Adedimeji Lateef wears the eponymous character like a second skin, making the viewer root for, understand, and empathize with a man who was fallible and flawed.
As a veteran filmmaker, Tunde Kalani proves that with age comes wisdom as his account of the late Apala musician has undertones of classical Greek tragedies.
Like Sophocles' Oedipus, Ayinla Omowura ends up being a victim of his tragic flaw; his hot-headedness and rash nature set him on a path that leads to his demise. It's a journey that is both touching and instructive, with a splash of the necessary Yoruba culture to lend authenticity to a well-told tale.
Ayinla begins at a pivotal moment in the life of the singer; his fame has attracted the attention of the media and an influential show promoter named Ajala (played by actor and filmmaker Kunle Afolayan).
Ajala starts making the necessary moves in preparation for Ayinla's first-time tour to London; something that the rising star is at first skeptical about. But when Ayinla is informed that it would only make him greater, he gives his consent to the trip.
Adedimeji Lateef as Ayinla | Image Source: BellaNaija
Bimbo Manuel is an editor who sends his inexperienced writer (Ade Laoye) to get close to the budding musician whose name is spreading like wildfire. Uncovering the man behind the myth proves to be a daunting task that threatens to overwhelm her. But she has to succeed because if she doesn't, she will lose her job.
Besides his temper, Ayinla has another weakness; he has a thing for the ladies. When his manager Bayowa (an afro-wearing Mr. Macaroni) introduces him to one of the latter's girlfriends, it starts a chain of events that culminate in a confrontation at a beer parlour, ending in tragedy.
Mr. Macaroni and Kunle Afolayan in AYINLA
Shot in Abeokuta (the hometown of Ayinla), the landscape and melodious Yoruba tunes provide an amazing backdrop to the story. It's a blend Kelani knows works well and he uses the elements in the best ways possible.
Now, for the issues I had with the film. Firstly, the makeup for the character of Bayowa (talking about his hair) isn't good enough. It's pretty obvious that's not his hair. I mean, wouldn't it have been better if the dude just grew some hair?
Secondly, the standing fans seen in some of the scenes were all of. Why weren't they turned on, I wonder. Funnily enough, the characters in those scenes never looked like they were hot.
The last thing is Adedimeji Lateef's rendition of Ayinla's songs in some of the scenes. His lips aren't in sync with the lyrics in the first musical scene and it was terrible in my opinion. In other scenes, there appeared to be a disconnect as it looked like he was only mouthing the words being sung. Fortunately, there is a marked improvement and in later performances, the actor fuses completely with the music.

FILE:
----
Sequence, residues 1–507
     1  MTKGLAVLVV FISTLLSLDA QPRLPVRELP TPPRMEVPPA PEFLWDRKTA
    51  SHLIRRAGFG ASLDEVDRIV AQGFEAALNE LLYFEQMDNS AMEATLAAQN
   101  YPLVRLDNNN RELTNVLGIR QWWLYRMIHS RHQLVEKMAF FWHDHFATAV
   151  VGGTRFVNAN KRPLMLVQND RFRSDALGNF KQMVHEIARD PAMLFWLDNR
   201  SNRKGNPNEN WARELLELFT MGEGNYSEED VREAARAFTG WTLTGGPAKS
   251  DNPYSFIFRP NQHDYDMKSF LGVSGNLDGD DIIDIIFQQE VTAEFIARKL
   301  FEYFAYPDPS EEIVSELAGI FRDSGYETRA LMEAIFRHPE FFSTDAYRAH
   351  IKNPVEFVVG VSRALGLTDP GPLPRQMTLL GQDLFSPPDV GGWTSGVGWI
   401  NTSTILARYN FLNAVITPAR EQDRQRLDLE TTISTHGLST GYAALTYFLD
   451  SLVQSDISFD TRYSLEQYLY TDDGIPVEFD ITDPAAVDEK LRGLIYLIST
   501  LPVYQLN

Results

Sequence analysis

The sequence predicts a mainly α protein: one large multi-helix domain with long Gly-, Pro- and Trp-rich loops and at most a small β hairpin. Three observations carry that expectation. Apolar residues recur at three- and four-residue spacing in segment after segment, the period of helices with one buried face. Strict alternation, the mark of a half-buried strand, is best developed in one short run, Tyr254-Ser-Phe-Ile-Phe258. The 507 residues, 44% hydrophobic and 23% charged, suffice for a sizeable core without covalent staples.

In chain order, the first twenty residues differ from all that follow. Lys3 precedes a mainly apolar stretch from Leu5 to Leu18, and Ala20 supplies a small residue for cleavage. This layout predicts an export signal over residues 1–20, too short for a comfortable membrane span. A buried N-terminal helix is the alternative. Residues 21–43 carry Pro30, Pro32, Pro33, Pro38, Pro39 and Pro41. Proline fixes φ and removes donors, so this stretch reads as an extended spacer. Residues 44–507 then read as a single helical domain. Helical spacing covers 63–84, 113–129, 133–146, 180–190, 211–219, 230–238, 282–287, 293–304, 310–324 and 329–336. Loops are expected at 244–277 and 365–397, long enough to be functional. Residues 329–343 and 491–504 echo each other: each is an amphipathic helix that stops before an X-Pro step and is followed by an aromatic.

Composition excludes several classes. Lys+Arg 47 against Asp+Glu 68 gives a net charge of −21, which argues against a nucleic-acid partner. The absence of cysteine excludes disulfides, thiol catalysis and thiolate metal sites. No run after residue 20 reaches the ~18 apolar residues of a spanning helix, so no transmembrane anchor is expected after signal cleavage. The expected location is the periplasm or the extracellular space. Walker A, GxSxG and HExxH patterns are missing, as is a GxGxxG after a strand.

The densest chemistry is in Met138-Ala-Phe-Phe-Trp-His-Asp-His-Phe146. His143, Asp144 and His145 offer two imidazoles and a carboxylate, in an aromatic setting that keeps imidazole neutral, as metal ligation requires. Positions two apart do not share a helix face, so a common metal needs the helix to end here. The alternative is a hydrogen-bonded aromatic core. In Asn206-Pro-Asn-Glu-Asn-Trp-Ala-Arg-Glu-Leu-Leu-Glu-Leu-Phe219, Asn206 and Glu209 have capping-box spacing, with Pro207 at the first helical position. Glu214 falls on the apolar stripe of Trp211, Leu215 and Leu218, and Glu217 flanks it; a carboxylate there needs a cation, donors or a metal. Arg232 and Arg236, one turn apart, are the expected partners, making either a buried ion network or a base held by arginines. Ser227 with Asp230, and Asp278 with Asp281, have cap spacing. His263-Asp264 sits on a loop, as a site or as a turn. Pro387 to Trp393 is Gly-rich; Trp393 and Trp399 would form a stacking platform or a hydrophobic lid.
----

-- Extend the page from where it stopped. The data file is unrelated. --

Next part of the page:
The costumes and set pieces (particularly the cars) truly reflect the 1980s period in which the story is set, and the various departments deserve commendation for this. I'm glad the dialogue is mostly in Yoruba as it serves to better project the origins, beliefs, and superstitions of the titular character.
Now, back to Lateef's portrayal of Ayinla. I confess that I haven't actually seen him act in more than one or two films and so didn't know what to expect from him here. I'm happy about that because he just blew me away!
Ade Laoye in AYINLA
I don't know much about the late Ayinla himself but I have a strong feeling the lead actor disappeared completely into the character. How else could he have put on such an award-worthy performance? And let me add that I will be disappointed if he doesn't get an award for this role.
The director of this movie shows Ayinla in perhaps his most unfiltered form; a stark illiterate with a big ego who was a larger-than-life character. But beyond all that was a man who was also introspective and someone who will be remembered for using his songs to talk about life's most important issues. He left an indelible mark and a lasting legacy in Yorubaland.
Once again, I salute Adedimeji Lateef for doing an excellent job with the character of Ayinla. I found that I was always looking forward to seeing him onscreen. The scenes where he loses his temper leave you thinking; 'this isn't Lateef, the actor. This is Ayinla, the hot-headed enigma.
The songs play a prominent role in giving an insight into Ayinla's psyche. I'm not a fan of Apala music or Yoruba music for that matter but I couldn't help but enjoy the verses as the music played.
There is also some humour fused into the plot and the best thing about it is that these funny moments come in at the right moments.
The supporting characters (particularly Afolayan) play their roles well. Kudos to all the members of the cast and crew. Their efforts made all the pieces come together in a complete way.
Conclusively, Ayinla proves to be worth the hype. That it succeeds is largely due to Adedimeji Lateef and director Tunde Kelani. No film is perfect but this one takes its place among the Nollywood greats in recent times.